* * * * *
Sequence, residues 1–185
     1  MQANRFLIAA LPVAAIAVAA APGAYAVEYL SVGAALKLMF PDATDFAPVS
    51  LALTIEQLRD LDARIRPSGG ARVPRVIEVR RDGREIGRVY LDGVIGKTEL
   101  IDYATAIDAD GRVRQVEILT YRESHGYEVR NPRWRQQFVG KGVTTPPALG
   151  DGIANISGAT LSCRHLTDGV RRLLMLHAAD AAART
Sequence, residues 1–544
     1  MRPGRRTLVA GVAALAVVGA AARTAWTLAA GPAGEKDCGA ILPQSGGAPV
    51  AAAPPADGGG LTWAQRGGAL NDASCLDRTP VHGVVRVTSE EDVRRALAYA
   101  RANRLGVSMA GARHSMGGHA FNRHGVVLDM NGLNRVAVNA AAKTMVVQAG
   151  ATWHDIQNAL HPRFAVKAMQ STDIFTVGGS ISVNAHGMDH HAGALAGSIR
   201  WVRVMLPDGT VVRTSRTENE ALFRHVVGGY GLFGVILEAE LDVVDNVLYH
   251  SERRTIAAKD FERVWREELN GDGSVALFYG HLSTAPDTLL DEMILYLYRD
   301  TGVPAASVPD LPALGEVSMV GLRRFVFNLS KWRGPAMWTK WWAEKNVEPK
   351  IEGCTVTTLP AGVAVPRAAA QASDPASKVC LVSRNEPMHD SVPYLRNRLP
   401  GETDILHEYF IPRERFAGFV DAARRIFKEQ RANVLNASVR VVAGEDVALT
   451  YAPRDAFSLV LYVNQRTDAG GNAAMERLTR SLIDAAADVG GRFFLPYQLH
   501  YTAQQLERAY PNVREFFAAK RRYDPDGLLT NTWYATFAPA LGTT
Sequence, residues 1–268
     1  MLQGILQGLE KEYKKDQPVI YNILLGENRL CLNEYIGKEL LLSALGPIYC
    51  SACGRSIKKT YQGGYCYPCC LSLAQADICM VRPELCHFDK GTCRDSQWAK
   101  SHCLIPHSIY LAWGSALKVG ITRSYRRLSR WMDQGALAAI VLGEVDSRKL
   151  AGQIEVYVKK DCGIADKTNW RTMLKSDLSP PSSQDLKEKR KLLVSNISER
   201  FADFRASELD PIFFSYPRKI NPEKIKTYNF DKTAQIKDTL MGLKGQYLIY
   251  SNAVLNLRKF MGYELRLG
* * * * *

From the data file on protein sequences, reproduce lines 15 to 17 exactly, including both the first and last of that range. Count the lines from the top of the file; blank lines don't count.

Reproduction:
   401  GETDILHEYF IPRERFAGFV DAARRIFKEQ RANVLNASVR VVAGEDVALT
   451  YAPRDAFSLV LYVNQRTDAG GNAAMERLTR SLIDAAADVG GRFFLPYQLH
   501  YTAQQLERAY PNVREFFAAK RRYDPDGLLT NTWYATFAPA LGTT